• Energy consumption/generation/storage modelling and balancing
  • Joint optimization of communication and energy resources
  • UAV-based portable access
  • Intelligent and energy-aware satellite communications


Christos Masouros

Christos MasourosChristos Masouros (SMIEEE, MIET) received the Diploma degree in Electrical and Computer Engineering from the University of Patras, Greece, in 2004, and MSc by research and PhD in Electrical and Electronic Engineering from the University of Manchester, UK in 2006 and 2009, respectively. He is currently Full Professor in the Information and Communications.

Engineering research group, Dept. Electrical and Electronic Engineering, University College London. He was the recipient of the Best Paper Awards in the IEEE GlobeCom 2015 and IEEE WCNC 2019 conferences, and has been recognized as an Exemplary Editor for the IEEE Communications Letters, and as an Exemplary Reviewer for the IEEE Transactions on Communications. He is an Editor for IEEE Transactions on Communications, and IEEE Transactions on Wireless Communications. He has been an Associate Editor for IEEE Communications Letters, and a Guest Editor for IEEE Journal on Selected Topics in Signal Processing issues “Exploiting Interference towards Energy Efficient and Secure Wireless Communications” and “Hybrid Analog / Digital Signal Processing for Hardware-Efficient Large Scale Antenna Arrays”. He is currently an elected member of the EURASIP SAT Committee on Signal Processing for Communications and Networking.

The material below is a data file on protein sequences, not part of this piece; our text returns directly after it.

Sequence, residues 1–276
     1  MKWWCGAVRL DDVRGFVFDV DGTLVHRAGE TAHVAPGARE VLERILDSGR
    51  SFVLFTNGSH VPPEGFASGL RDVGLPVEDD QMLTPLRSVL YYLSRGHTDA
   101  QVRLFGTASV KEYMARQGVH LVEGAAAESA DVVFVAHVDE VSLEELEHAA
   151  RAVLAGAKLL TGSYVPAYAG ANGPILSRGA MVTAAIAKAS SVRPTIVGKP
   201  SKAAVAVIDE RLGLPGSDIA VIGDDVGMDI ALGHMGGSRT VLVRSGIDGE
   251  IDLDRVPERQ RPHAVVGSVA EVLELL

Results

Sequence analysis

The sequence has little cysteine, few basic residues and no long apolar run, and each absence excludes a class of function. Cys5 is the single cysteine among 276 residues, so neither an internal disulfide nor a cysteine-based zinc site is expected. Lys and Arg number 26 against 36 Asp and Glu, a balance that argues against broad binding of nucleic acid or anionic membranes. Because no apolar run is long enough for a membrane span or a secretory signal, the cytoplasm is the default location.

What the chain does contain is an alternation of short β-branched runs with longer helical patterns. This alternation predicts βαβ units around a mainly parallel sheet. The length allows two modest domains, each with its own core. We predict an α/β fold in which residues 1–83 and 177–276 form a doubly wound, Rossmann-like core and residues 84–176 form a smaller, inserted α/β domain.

Web site:

Constantinos B. Papadias

Constantinos B. PapadiasConstantinos B. Papadias (Fellow, IEEE) is the founding Executive Director of the Research, Technology and Innovation Network (RTIN) of The American College of Greece (ACG), where he is also Professor, Head of the Smart Wireless Future Technologies (SWIFT) Lab and Scientific Director of the ACG Research Center (ACG-RC). He has published over 220 papers and 4 books and has received over 10000 citations for his work, with an h-index of 46. He has also made standards contributions and holds 12 patents. He was the Research Coordinator of the EU project PAINLESS on the topic of energy autonomous infrastructure-less wireless networks (2018-2022) and is currently the Technical Coordinator of the EU CHIST-ERA project FIREMAN on IoT networks. His distinctions include the Bell Labs President’s Award (2002), the IEEE Signal Processing Society’s Young Author Best Paper Award (2003), and a Bell Labs Teamwork Award (2004) and a recent Best Paper Award at Globecom 2022. He was a Distinguished Lecturer of the IEEE Communications Society for 2012 -2013. He is a Fellow of IEEE since 2013 and Fellow of the European Alliance of Innovation (EAI) since 2019. He was recently elected Director-at-Large of the IEEE Signal Processing Society for Region 8 (Europe, Middle East and Africa).

Web site:


  • Mohammed Slim Alouini, King Abduallah University of Science and Technology (Non-Terrestrial Network Design)
  • Giovanni Geraci, Universitat Pompeu Fabra (UAV-based & Satellite Comms)
  • Jimmy Nielsen, Aalborg University (Machine Learning Techniques for Portable Access Points Optimization)
  • Petar Popovski, Aalborg University (Low Latency / Highly Reliable NTNs)
  • Rahim Tafazolli, University of Surrey (Networks Beyond 5G)

Diamond Patrons

Gold Patrons

Bronze Patrons